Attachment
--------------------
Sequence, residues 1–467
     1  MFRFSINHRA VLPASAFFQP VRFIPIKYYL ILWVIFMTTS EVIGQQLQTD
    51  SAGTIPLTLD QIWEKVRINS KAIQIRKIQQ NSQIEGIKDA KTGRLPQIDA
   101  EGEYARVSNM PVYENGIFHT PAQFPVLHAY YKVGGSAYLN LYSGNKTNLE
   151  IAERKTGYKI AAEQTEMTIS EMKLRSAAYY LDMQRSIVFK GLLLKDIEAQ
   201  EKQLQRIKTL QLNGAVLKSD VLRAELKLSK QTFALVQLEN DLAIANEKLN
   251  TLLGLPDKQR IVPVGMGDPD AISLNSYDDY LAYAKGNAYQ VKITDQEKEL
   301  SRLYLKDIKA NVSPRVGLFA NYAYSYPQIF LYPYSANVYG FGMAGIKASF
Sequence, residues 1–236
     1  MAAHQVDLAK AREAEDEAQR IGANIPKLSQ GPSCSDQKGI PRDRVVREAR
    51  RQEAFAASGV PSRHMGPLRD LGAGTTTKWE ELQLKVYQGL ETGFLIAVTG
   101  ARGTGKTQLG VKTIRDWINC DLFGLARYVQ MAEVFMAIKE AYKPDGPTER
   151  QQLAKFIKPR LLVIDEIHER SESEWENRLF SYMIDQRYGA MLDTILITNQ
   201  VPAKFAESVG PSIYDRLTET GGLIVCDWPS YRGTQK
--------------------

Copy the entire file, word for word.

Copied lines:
Sequence, residues 1–467
     1  MFRFSINHRA VLPASAFFQP VRFIPIKYYL ILWVIFMTTS EVIGQQLQTD
    51  SAGTIPLTLD QIWEKVRINS KAIQIRKIQQ NSQIEGIKDA KTGRLPQIDA
   101  EGEYARVSNM PVYENGIFHT PAQFPVLHAY YKVGGSAYLN LYSGNKTNLE
   151  IAERKTGYKI AAEQTEMTIS EMKLRSAAYY LDMQRSIVFK GLLLKDIEAQ
   201  EKQLQRIKTL QLNGAVLKSD VLRAELKLSK QTFALVQLEN DLAIANEKLN
   251  TLLGLPDKQR IVPVGMGDPD AISLNSYDDY LAYAKGNAYQ VKITDQEKEL
   301  SRLYLKDIKA NVSPRVGLFA NYAYSYPQIF LYPYSANVYG FGMAGIKASF
Sequence, residues 1–236
     1  MAAHQVDLAK AREAEDEAQR IGANIPKLSQ GPSCSDQKGI PRDRVVREAR
    51  RQEAFAASGV PSRHMGPLRD LGAGTTTKWE ELQLKVYQGL ETGFLIAVTG
   101  ARGTGKTQLG VKTIRDWINC DLFGLARYVQ MAEVFMAIKE AYKPDGPTER
   151  QQLAKFIKPR LLVIDEIHER SESEWENRLF SYMIDQRYGA MLDTILITNQ
   201  VPAKFAESVG PSIYDRLTET GGLIVCDWPS YRGTQK